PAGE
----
More about: City and Colour
Striking and poignant, Dallas Green delivers yet another record of melodies and harmonies. Under the name City And Colour, the Alexisonfire vocalist and guitarist peppers the musical landscape, conveying through these songs of purpose a story of hardship and pain.
This isn’t Green’s first outing as the lyrical magician of his own musical venture City And Colour. The Canadian musician, has demonstrated across six records that he’s more than equipped for the storm. It may be a toned down sound compared to Alexisonfire’s brooding, abrasive, style, but there’s much to like about the subtlety. A soft core is evident throughout A Pill For Loneliness, the latest LP from Green’s box of tricks.
You might also like...
The composition is creative, and Green sings freely. He seems to be a wounded soul, supplying us emotive songs that don’t have the surge of power, but the elegance of a kissing couple. This isn’t taking anything away from the beauty of the album, as it is truly a tour de force, bridging the gap between generic and mesmerising. It may be an audacious claim to say such things, but A Pill For Loneliness is a lyrical masterclass, all transported from the mind of an enigmatic dreamer.
Dreaming is fundamental to keeping the generator on in a mind beautifully sophisticated. And Green has been blessed and his mind is a hub we may not want to look in if we had the chance. To say such things might damage the mood, but he’s clearly looking for redemption here, trying to conquer despair in full beam.
Hurt aside, the musicianship is tight. The instrumentals are composed well, contributing crucially to Green’s seasoned vocals. From the onset, they’re immersive. If you listen on you’ll tap your feet, and you’ll become easily involved in a blissful notion of losing yourself.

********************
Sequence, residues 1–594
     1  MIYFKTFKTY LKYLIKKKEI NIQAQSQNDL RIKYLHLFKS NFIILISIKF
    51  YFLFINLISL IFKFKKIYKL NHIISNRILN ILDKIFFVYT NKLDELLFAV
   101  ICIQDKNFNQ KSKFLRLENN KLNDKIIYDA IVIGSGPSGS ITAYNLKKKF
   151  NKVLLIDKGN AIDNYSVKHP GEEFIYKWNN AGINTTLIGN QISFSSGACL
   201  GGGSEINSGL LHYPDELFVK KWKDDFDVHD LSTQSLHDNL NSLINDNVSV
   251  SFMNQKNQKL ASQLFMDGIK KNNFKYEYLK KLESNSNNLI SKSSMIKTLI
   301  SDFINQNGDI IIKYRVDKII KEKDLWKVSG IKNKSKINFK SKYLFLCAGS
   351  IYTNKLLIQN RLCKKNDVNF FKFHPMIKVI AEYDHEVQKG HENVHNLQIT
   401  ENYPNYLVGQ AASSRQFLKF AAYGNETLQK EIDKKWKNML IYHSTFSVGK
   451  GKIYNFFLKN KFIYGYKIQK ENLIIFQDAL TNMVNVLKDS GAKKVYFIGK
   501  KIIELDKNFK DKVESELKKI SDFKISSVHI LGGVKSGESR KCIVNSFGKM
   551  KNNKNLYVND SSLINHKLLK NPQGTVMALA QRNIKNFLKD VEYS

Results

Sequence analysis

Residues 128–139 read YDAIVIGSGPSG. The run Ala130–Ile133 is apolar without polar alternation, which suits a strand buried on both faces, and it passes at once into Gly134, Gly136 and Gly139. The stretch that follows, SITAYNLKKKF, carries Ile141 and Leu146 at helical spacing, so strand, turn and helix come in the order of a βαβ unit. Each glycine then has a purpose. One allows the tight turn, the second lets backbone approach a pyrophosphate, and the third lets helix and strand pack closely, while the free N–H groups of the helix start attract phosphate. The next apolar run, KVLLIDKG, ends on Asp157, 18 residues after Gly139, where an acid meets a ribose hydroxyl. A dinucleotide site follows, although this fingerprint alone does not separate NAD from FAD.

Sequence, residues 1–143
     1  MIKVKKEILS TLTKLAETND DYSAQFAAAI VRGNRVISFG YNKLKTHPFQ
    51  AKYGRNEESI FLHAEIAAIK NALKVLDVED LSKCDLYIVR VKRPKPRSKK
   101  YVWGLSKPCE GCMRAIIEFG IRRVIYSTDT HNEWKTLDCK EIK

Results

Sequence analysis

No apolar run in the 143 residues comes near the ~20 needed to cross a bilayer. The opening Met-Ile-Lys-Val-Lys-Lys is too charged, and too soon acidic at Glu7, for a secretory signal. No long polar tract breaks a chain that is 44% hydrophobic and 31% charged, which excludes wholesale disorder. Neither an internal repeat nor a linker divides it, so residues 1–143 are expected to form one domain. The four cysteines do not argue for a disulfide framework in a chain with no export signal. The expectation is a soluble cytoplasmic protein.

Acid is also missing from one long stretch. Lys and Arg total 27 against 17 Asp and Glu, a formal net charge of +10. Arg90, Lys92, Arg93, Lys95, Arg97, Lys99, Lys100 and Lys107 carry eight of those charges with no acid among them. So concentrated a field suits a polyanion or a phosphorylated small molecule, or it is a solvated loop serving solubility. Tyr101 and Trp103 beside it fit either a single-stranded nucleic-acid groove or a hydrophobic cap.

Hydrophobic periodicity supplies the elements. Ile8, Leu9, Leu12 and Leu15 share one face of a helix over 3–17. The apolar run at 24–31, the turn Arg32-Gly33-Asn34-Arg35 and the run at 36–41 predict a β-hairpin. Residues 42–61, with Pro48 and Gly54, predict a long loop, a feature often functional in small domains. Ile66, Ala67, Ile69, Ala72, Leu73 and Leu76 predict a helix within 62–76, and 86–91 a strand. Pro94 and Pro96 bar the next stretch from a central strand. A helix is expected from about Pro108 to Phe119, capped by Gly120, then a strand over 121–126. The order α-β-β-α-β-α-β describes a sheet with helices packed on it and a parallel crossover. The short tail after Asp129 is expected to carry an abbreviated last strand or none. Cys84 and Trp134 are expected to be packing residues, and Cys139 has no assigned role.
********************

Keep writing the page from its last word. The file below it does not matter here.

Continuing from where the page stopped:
‘Living In Lighting’ opens the record. Drums pound through and Green sings with authority. The trademark back beat is there, the lyrical touch is glowing. Green is marred by the demoralising feeling of not making it or not meeting the expectations which people have placed upon him. ‘Imagination’ is a louder track. The drums don’t impose, but add an infectious groove. Green’s vocals are pristine. The guitars aren’t frantic but deeply ingrained in the drama of this anthem.
‘Mountain Of Madness’ belts away the cobwebs. Green chants about misunderstandings and why the world is destined for malfunction. The streets are on fire and the battle-hard mentality is wearing off. The drumbeat behind the strong guitar presence is startling. ‘Strangers' has rhythm - it’s a livelier track, exhibiting that subtlety can be worked upon and Green’s voice is on full throttle here.
A Pill For Loneliness isn’t a drastic change for City And Colour, but what it does do is showcase sincerity and melancholy. Dallas Green is a brilliant musician, and within his mind is a flourishing dome of ideas.
A Pill For Loneliness is released on 4 October 2019 via Still Records.
More about: City and Colour